NASA’s InSight Successfully Lands On Mars After Six Months
NASA’s latest Mars lander, InSight, successfully touched down on the surface of the Red Planet this afternoon, surviving an intense plunge through the Martian atmosphere. It marks the eighth picture-perfect landing on Mars for NASA, adding to the space agency’s impressive track record of putting spacecraft on the planet. And now, InSight’s two-year mission has begun, one that entails listening for Marsquakes to learn about the world’s interior.
After six and a half months of traveling through space, InSight hit the top of Mars’ atmosphere a little before 3PM ET. It then made a daring descent to the surface, performing a complex multi-step routine that slowed the lander from more than 12,000 miles per hour to just 5 miles per hour before it hit the ground. To get to the surface safely, InSight had to autonomously deploy a supersonic parachute, gather radar measurements, and ignite its thrusters all at the right time. Altogether, the landing took just under seven minutes to complete, prompting the nickname “seven minutes of terror.”
During the plunge, two tiny spacecraft above Mars gathered data of the entire event. The pair of probes are known as the MarCO satellites, and they actually launched in May with InSight from California. The two satellites are modified CubeSats, a type of standardized spacecraft made out of 10-centimeter cubes. They’ve been traveling to Mars on their own ever since launch, making them the first CubeSats to ever go into deep space.
The MarCO satellites flew over the Red Planet as InSight performed its landing, coming within 2,175 miles of the surface. InSight sent out multiple signals during its fall that the MarCO satellites received, deciphered, and then sent back to Earth. That gave NASA engineers an almost real-time understanding of how each step in the landing process occurred.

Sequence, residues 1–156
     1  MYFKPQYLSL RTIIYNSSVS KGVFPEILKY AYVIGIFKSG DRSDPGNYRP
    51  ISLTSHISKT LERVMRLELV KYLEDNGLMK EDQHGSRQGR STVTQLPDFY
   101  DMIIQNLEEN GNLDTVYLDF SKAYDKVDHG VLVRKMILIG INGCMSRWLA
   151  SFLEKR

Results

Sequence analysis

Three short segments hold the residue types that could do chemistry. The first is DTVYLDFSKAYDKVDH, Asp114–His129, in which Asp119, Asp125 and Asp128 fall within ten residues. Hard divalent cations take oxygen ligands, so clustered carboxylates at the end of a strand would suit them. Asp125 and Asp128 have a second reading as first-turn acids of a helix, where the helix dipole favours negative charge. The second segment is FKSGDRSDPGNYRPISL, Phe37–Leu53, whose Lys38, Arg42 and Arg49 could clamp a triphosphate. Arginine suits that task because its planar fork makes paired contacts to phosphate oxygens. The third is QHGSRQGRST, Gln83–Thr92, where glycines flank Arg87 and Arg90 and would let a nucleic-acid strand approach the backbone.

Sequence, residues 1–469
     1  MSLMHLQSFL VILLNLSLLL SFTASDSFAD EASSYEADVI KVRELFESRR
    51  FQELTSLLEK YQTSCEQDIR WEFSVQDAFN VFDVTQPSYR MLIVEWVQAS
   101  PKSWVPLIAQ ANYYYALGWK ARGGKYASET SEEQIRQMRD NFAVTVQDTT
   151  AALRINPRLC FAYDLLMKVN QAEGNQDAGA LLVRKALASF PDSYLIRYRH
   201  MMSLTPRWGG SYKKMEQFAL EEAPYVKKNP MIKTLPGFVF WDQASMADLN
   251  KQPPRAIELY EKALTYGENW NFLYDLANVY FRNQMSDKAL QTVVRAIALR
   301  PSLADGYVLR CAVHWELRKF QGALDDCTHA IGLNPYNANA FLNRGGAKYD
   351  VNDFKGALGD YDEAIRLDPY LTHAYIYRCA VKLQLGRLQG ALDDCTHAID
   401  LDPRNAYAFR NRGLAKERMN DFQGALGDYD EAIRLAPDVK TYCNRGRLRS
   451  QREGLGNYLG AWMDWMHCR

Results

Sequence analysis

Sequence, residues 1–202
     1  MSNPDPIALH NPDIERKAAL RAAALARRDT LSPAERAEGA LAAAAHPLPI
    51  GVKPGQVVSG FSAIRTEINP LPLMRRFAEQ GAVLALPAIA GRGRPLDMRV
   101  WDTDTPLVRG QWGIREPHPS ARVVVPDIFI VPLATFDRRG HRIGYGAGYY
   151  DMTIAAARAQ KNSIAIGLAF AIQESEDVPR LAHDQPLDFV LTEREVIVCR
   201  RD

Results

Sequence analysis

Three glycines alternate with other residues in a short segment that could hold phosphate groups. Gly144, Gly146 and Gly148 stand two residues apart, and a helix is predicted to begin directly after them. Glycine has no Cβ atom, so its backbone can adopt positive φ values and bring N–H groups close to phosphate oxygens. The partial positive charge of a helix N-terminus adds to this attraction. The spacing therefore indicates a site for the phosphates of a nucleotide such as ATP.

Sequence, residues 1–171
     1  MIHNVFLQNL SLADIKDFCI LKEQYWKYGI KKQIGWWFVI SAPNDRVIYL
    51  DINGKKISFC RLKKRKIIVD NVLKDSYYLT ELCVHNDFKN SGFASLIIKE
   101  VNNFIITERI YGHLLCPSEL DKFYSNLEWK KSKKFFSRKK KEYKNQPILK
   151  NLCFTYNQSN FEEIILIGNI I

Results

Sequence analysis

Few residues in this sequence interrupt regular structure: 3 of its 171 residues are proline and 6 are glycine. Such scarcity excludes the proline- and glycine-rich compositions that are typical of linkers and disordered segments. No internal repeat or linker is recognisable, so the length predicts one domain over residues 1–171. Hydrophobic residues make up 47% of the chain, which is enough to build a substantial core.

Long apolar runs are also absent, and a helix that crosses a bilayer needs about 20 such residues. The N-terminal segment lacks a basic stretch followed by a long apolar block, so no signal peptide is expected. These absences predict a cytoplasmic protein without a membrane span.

InSight’s view is a flat, smooth expanse called Elysium Planitia, but its workspace is below the surface, where it will study Mars’ deep interior. pic.twitter.com/3EU70jXQJw
— NASA (@NASA) November 26, 2018
Then, once InSight made it to the surface, the lander sent out an initial signal to Earth announcing its safe arrival. Seven minutes later, the spacecraft used an even more powerful radio to send a bigger signal, verifying the earlier alert, and sending NASA more details about its status. A few minutes later, InSight sent back its very first picture from the Martian surface, showing the terrain that it had landed on.
NASA engineers in mission control applauded as each update from the landing occurred. Toward the end, a flight controller listed off the descending altitude of InSight until confirmation came that it had landed on the surface. When that happened, mission control exploded into cheers and applause, as the InSight celebrated a successful landing after many years of preparation.
There’s still more data about the landing that’s coming NASA’s way. The space agency’s Mars Reconnaissance Orbiter, in orbit around Mars, observed the entire event from space and will send that information to Earth in about three hours. InSight also has to unfurl its solar panels, which are crucial for powering the spacecraft while it’s on Mars. Without the panels, the mission doesn’t happen. NASA’s Mars Odyssey — already in orbit around Mars — will fly over InSight and see what’s going on with the panels, and then let NASA know in five and a half hours.
Once that confirmation occurs, InSight’s mission can get underway in earnest. While on the surface of Mars, InSight will stay very still so that it can measure the tiny wobbles of the planet during Marsquakes, using the sound waves from these events to figure out what the planet’s interior is made of. Over the next two to three months, InSight will use a robotic arm to deploy its primary two instruments: a seismometer and a self-hammering nail. The seismometer will listen for the quakes, while the nail will drill almost 16 feet underneath the crust to measure Mars’ internal temperature.
In the months ahead, InSight should uncover a deeper knowledge of Mars’ interior than we’ve ever had before.
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